Most of my recent restaurant reviews spotlighting the cuisine of Dallas have centered around places downtown, so I figured it was time to mix things and highlight a spot elsewhere. The Metroplex is a sprawling urban area, after all, and good food can be found everywhere. Today’s review looks at a local institution for everything battered, fried, and fattening, Bubba’s Cooks Country in the Park Cities. Yes, I realize that sounds oxymoronic, a cheap country cooking joint smack dab in the middle of Dallas’ version of Beverly Hills, but hey, it’s Texas. We like our fried food down here, and are darn proud of it. Located only about 20 minutes from downtown, I come to Bubba’s a fair bit, and used a January visit to finally take a few pictures and jot down a review.
Bubba’s Cooks Country
- 6617 Hillcrest Avenue, Dallas, TX
- Hours: Breakfast 6:30-11 A.M. daily; Lunch and Dinner 10:30 A.M.-10 P.M. daily
- $10-15 per person. Alcohol not available. Not that it’s a good idea after stuffing yourself silly anyway.
Directions: in Snider Plaza, just north of the SMU campus in University Park. From US 75/Central Expressway, exit Lovers Lane and go west. Turn left at Hillcrest. Bubba’s is on the right. From the Dallas North Tollway, exit Lovers Lane (northbound) or Mockingbird Lane (southbound) and go east. Turn right on Hillcrest from Lovers, or left from Mockingbird. Turn into Rosedale to access the Snider Plaza parking lot. ADVISORY: if going for lunch on a weekday, plan to get there by 11:30-ish, or parking becomes a real problem. The closest DART access is at Lovers Lane Station, at Lovers Lane and US 75 about 2 miles east.
Bubba’s has an interesting history. It was founded by Paul (“Bubba”) and Mary Beth (“Babe”) Vinyard in 1981 in a converted Texaco gas station in Snider Plaza, serving fried chicken, chicken fried steak, and traditional Southern vegetables from the counter at a reasonable price – all the more to lure college kids from across the street, after all. In addition to Southern comfort food, Bubba’s is one of the few surviving examples of Art Deco architecture in the Dallas area. Twelve years later, the Vinyards opened sister comfort food chain Babe’s Chicken Dinner House in Roanoke (about 10 miles west of DFW Airport), which has since expanded to 8 other locations around the greater Dallas/Ft. Worth area. Babe’s serves essentially the same food, but it’s a family-style, all-you-can-eat setup, instead of counter service. I’ll put up a review of Babe’s in a future Dallas Restaurant Review installment.
Bubba’s menu is simple – variations of fried chicken, chicken fried steak, and fried catfish, with yeast rolls and a seasonal assortment of vegetables for side dishes (mashed potatoes, green beans, coleslaw, baked beans, and fruit salad are available year-round).
WARNING: Bubba’s menu is NOT a diet aid…
Bubba’s is most famous around the Metroplex for their crispy fried chicken, so that’s what I decided to order. Ok, I’ll admit it, I order it every time, so there wasn’t exactly any decision making involved. Mashed potatoes & country gravy, corn on the cob, and one of their famous yeast rolls rounded out the meal.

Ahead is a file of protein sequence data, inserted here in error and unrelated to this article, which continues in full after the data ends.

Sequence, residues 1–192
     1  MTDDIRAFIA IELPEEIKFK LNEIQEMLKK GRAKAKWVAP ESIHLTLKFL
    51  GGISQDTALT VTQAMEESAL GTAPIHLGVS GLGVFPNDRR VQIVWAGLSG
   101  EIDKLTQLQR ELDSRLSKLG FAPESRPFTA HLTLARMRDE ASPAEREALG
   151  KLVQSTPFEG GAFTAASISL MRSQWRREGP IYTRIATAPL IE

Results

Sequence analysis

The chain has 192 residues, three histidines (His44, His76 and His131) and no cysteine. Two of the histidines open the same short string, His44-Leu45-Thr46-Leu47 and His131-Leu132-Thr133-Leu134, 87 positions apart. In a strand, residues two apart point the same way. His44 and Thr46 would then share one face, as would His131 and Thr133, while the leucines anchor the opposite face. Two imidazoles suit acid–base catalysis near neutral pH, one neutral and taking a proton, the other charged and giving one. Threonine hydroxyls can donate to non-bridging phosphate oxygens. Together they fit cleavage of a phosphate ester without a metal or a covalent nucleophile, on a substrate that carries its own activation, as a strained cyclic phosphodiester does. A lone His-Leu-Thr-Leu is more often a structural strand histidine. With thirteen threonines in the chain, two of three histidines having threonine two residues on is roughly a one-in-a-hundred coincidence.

As you can see, I was so excited to dive in to my chicken that I started eating it before realizing I needed a picture. Sorry about that. It is so, so delicious. Incredibly greasy, of course, but the skin is perfectly crispy, and the meat piping hot, nicely seasoned and tender on the inside. The rolls are soft and succulently sweet, and are a perfect match for the real unsalted butter provided. No cheap imitation margarine around these parts. Sweet corn on the cob is awesome (albeit messy) with a little butter spread around the outside, but those mashed potatoes and gravy are the real bomb. The potatoes are hand mashed and made with real milk, and served with authentic sausage dripping cream gravy. The only downside to this meal is the guaranteed grease coma you’ll be living with at your desk the rest of the afternoon. I’ve never actually ordered dessert at Bubba’s – I’m usually already comatose by the time I finish up with my veggies – but I’ve heard from reliable sources that the cobbler is very, very good. Order some if you dare.
As you can see, Bubba’s is popular at lunchtime, both with SMU students and Dallas-area residents and office workers looking to enjoy good, inexpensive comfort food. The small dining room has a distinct 50s-era diner motif to it, with the checkerboard tile floor and red seats and booths. That’s perhaps the only niggle I have. The inside conjures up images of car hops, hamburgers, and milkshakes – none of which can be found at Bubba’s.
Service at the counter is usually quick. Chicken is usually immediately available, but if your requested side isn’t on hand, they’ll bring it to your table without much of a wait. The only problem is the limited seating space inside, though there are several public parks nearby if you prefer to take it to go. There is also a drive through lane if you’d prefer to take your gluttonous delights back to the office to show off.
Rating: I’m going to bestow the rare 5 Stars rating on Bubba’s, joining the Lobster Shanty in Salem, Massachusetts as only the second establishment in the world to earn such a prestigious rating. Lucky for me, it’s only 21 miles from my home to Snider Plaza, so I don’t actually have to walk 500 miles to get there. In all seriousness, if you’re a fried chicken snob, I’d put Bubba’s up there with any fried chicken joint in the country.